thinking better of the price increase, 34 Laight Street loft sells
odd way to signal negotiability
The Manhattan loft on the 2nd floor of 34 Laight Street has a listing history you don’t see every day: to market at $1.895mm on November 5, price increase to $2.1mm on January 7, contract by March 7. There are not too many listing price increases these days, and fewer still that lead to contracts within a reasonable time (or, as in this case, within 60 days). But I left out the punchline: the deal was done (closed on May 10) at $1,627,500.
Read those numbers again.
The 11% asking price increase led to a contract that was (a) a 22.5% discount from the new price and (b) a 14% discount from the original asking price. The marketing campaign may have been odd, but it was successful: seller cashed out 6 months after coming to market.
open canvas at $740/ft
The broker babble dances around the fact that this is one primitive loft. It is a “2,200 sq ft” Long-and-Narrow that looks as though an extension was put on the back; I can’t recall another similarly-shaped loft building, with no back wall windows but side air shafts for the rear bedroom. Regardless of provenance, the footprint is essentially long-and-Narrow, with that skinny (single) bedroom at the back and plumbing on the long wall behind the elevator.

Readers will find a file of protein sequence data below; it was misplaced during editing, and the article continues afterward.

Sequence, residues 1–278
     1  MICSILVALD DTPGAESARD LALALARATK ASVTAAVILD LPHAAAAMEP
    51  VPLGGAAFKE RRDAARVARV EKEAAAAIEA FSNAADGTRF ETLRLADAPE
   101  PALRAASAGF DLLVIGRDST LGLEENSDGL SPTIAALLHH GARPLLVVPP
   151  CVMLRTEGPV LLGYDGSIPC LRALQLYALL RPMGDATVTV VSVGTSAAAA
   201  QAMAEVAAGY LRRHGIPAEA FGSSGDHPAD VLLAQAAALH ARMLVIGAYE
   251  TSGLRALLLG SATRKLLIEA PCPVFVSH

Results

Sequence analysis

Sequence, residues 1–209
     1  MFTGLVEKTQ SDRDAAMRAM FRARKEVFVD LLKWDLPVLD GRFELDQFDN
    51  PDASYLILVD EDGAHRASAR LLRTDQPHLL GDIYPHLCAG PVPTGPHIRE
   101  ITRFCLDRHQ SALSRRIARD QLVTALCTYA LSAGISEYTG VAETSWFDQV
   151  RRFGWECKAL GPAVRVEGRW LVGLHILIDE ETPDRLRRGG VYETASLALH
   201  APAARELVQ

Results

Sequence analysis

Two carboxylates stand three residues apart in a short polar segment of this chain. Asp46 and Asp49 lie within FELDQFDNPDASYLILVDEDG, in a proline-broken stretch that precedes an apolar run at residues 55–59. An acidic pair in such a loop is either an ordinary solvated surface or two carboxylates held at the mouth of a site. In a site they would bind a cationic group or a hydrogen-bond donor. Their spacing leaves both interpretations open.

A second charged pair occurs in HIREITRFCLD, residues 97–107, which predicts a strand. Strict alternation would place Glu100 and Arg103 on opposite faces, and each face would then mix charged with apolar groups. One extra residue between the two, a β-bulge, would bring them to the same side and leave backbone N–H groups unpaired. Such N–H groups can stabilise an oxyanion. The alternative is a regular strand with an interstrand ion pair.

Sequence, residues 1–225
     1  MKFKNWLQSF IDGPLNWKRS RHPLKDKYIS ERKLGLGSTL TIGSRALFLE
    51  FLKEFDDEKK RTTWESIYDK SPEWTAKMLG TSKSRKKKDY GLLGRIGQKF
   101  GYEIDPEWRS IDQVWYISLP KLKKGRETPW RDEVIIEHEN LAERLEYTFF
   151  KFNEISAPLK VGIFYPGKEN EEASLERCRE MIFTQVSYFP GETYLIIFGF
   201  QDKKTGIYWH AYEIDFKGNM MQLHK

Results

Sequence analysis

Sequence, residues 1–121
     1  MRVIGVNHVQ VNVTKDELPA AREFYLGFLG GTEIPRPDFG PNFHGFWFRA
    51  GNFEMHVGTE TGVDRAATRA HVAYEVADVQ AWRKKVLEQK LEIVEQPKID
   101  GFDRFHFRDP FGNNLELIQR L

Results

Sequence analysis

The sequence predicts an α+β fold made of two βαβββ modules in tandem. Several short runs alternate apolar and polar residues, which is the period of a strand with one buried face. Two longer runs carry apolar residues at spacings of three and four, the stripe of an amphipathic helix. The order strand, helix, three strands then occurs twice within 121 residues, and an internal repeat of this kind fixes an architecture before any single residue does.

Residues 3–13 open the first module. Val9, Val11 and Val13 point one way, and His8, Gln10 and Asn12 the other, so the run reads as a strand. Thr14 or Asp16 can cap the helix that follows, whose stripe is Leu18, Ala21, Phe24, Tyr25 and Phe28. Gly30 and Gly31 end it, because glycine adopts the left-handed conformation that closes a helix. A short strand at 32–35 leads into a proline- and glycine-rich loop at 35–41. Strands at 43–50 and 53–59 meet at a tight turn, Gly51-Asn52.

That shape, and the absence of other windows except in the front, make a second real bedroom problematic, if not impossible. The floor plan reeks of a very dated solution to the challenges of the footprint, as does the lack of bragging about finishes.
The building was converted to coop in 1995, but this space looks much older than that. The coop has made do with a freight elevator only, though there are said to be plans to change that elevator (“Enter your own private floor one floor up from the street or via a large freight elevator [soon to become a keyed elevator]”). I trust the buyer did all the diligence that was due, as our building notes show there were plans to convert the freight elevator way back in 1995.
park views include cars
This building sits in the middle of the block that is nearly surrounded by Holland Tunnel spillways, so those southern exposures are at the park that sits in the middle of the Symbionese Liberation Army-like exit routes from the tunnel. I don’t imagine the windows are open very often.
paging Frank Sinatra
I can’t help but wonder what would have happened if the seller had been more patient 4 years ago. The second floor (called #2A then) was offered for sale only during April 2007, then asking $1.995mm. There was no dancing about the condition then: “designer ready” and “ample space to create the home of your dreams”, but also “priced to sell at $907 per square foot”. If only.
You’d think that in the middle of the year that shattered the Manhattan sales volume record, just a couple of quarters before The Peak, the second floor loft would have had a real chance to sell off of that $1.995mm. That ask was only 23% above the recent sale price.
Regrets? The seller may have a few. Or at least one.
© Sandy Mattingly 2011